You will observe that, in all this revolt against the Administration, there is not the slightest trace of reaction against the war, or against the wicked and cruel passions of which it is made the instrument, or the horrible purposes for which it has come to be waged, as a war of spoliation and extermination against a gallant people struggling heroically for independence. The stimulus to revolt is, on the contrary, simply another form of that frightful passion for power and plunder, and that shocking indifference to crime and carnage, which the war has developed as a national trait. The chiefs of the movement rather assail Mr. Lincoln, because they believe he sometimes hesitated before going forward in the career of violence, bloodshed, and spoliation — because he is suspected of having had a lurking willingness to close the rebellion, if possible, by restoring the States as they were with their original rights, if they could be induced or compelled to submit; and that it is not with his whole heart, and only for the chances of renewed power, that he has become the Radical which his recent measures would show him to be. They denounce a portion of his policy, not because it is unjust, inhuman, lawless, and tyrannical, but because it is selfishly devised for his own profit, and is employed to retain in his own hands the tremendous powers which they are eager to seize and clamorously pledged to employ, if they can attain them, with a fiercer and more unrelenting energy of destructiveness against the Southern people than Mr. Lincoln is capable of exerting.

It is history repeating itself. In all popular frenzies, when a nation goes mad, the demagogues who first excite them are speedily outstripped in zealotry by the disciples they made. Unless they march onward with the accelerated pace of the multitude, they are pushed out of their places and left by the wayside. When this conflict first commenced as a war of opinions, Mr. Seward was the radical whom constitutional and moderate men shunned as the most dangerous fanatic of the day, although his fanaticism was only a cold blooded calculation of political profit. The popular passions which he kindled got beyond his control, and undoubtedly went far beyond his original wishes, and he was left behind when the man of action was wanted. Mr. Lincoln was taken up in preference as the representative man of Northern designs against the South, and Mr. Seward, taunted and suspected, was dragged after Mr. Lincoln into excesses such as he had pronounced to be calumnies when imputed by his adversaries to be the inevitable consequences of his art of appeals to the frenzy of the fanatic and to the sordid appetites of the greedy. Now comes another brood of fiercer and greedier chiefs of furious factions, who are clamoring to set aside Mr. Lincoln, as Mr. Seward was set aside for Mr. Lincoln, for some more "advanced" prophet and statesman — the more violent faction always coming in to displace and absorb their rivals who may not, in the language of the Chase pamphlet, sufficiently "comprehend the spirit of the age."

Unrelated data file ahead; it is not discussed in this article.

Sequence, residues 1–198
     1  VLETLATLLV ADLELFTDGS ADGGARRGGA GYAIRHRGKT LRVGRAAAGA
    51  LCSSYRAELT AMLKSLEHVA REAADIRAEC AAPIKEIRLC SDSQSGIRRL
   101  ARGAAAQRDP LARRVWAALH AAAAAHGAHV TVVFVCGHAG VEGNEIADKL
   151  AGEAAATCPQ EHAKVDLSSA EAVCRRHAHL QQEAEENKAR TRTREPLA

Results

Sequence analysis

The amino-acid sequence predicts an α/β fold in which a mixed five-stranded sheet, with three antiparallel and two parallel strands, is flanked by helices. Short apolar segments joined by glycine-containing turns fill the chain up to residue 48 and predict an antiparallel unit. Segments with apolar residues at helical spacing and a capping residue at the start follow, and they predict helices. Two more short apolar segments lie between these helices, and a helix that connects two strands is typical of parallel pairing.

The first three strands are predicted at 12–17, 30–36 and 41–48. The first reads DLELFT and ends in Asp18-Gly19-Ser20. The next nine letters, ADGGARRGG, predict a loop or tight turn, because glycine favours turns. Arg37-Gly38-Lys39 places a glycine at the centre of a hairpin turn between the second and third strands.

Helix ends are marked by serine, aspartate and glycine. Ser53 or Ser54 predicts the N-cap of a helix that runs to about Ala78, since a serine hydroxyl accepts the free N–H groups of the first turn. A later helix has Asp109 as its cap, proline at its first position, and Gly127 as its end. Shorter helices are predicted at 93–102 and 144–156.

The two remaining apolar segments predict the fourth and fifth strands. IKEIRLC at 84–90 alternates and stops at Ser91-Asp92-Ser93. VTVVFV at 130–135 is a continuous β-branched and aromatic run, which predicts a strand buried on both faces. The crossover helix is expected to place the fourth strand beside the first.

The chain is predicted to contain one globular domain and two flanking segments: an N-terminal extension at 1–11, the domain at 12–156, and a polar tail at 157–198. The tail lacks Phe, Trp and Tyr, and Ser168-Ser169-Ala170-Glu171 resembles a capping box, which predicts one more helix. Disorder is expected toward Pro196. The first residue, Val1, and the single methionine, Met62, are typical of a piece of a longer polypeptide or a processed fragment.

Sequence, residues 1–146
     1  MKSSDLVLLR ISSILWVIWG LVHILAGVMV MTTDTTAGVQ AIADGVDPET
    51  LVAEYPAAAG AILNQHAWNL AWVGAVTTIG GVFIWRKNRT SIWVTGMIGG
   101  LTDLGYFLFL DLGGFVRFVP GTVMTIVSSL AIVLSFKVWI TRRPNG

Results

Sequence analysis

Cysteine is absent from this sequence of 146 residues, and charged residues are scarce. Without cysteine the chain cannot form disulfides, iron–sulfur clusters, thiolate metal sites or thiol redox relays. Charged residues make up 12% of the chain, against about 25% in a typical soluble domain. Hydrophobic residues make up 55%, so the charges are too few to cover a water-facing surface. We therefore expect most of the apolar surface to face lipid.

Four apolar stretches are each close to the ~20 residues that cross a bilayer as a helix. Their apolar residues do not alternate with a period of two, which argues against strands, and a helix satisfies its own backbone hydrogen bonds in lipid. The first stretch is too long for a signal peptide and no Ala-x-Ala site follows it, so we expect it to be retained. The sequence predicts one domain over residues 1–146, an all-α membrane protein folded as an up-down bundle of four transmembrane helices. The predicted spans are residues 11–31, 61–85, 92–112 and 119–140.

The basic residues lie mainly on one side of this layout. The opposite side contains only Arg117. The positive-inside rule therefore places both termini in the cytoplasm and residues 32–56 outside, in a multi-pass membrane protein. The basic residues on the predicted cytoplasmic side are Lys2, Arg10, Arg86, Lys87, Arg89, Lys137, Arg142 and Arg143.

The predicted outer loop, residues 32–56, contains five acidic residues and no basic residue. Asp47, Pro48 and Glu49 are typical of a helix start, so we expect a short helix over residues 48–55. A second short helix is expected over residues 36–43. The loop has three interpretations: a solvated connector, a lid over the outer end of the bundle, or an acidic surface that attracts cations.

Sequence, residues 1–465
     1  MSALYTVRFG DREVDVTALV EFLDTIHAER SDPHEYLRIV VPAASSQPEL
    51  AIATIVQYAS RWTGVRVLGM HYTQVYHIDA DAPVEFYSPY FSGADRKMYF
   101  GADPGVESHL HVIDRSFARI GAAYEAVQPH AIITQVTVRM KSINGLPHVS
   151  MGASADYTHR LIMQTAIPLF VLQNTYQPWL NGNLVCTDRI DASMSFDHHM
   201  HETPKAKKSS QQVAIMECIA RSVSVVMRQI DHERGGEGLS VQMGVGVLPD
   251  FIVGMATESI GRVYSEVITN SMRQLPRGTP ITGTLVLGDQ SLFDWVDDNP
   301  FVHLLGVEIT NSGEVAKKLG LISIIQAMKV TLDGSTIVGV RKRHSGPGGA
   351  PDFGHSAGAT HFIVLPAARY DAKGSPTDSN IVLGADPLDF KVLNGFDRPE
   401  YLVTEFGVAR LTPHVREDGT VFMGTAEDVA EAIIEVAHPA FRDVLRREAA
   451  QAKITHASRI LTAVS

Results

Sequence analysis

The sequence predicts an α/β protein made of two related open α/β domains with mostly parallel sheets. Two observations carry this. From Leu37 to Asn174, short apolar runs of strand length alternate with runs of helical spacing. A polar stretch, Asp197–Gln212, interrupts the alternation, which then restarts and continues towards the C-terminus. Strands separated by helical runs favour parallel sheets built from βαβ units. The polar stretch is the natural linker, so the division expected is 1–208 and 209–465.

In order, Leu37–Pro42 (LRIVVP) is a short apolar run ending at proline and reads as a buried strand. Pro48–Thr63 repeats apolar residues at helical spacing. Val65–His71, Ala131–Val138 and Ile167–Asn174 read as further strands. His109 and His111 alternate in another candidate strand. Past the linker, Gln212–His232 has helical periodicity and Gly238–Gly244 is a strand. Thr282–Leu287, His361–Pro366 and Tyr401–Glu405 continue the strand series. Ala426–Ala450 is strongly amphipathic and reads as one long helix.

There might be the hope of some possible good to come out of these quarrels among the wrangling factions of the dominant party if there were virtue enough among those who affect to oppose them on principle to seize the opportunity and use it courageously in an effort to restore the national sanity — in discouraging by every possible means the evil passions which made and which support this war, and invoking peace, even at the cost of giving up the struggle for territorial dominion over an unwilling people, and taking the broad ground that the first duty of the people is to stop this horrible bloodshed, and turn their sobered thoughts to repairing their own shattered institutions repairing and consolidating anew their own lost liberties, and laboring in patience to recover some portion of that social and material prosperity which they have recklessly cast away in the obstinate perpetration of a self-avenging wrong.

But there is no such courage or virtue in the Democratic party. There are a few men of rare qualities within it who give sane counsels, but they are overpowered and outvote in the organizations which direct the combined action of the party, and which are under the away of leaders who have not convictions strong enough to enable them to face a popular clamor, and are mostly mere traders in obsolete maxims and traditions for the sake of gaining power. These men are making haste, and taking the party along with them, to get rid, for the purposes of the coming Presidential election, of the apprehended odium that they, too, are not zealous for the unconditional prosecution of the war upon the Southern people. Ex-President Fillmore, the very type of conservatism, who has recently acted with the Democrats on general questions, expressed the whole idea in a brief passage of a speech recently made at a meeting at Buffalo for the sanitary relief to the soldiers. He declared for unrelenting war to the attainment of utter subjugation, leaving all questions of lenity and justice to be settled afterwards, and, in the meantime, an unreserved grant of all the men and money the Administration needs, "even though we may not always approve of the use that is to be made of either."

This is the political position of the Democratic party, and it is powerless for any possible good.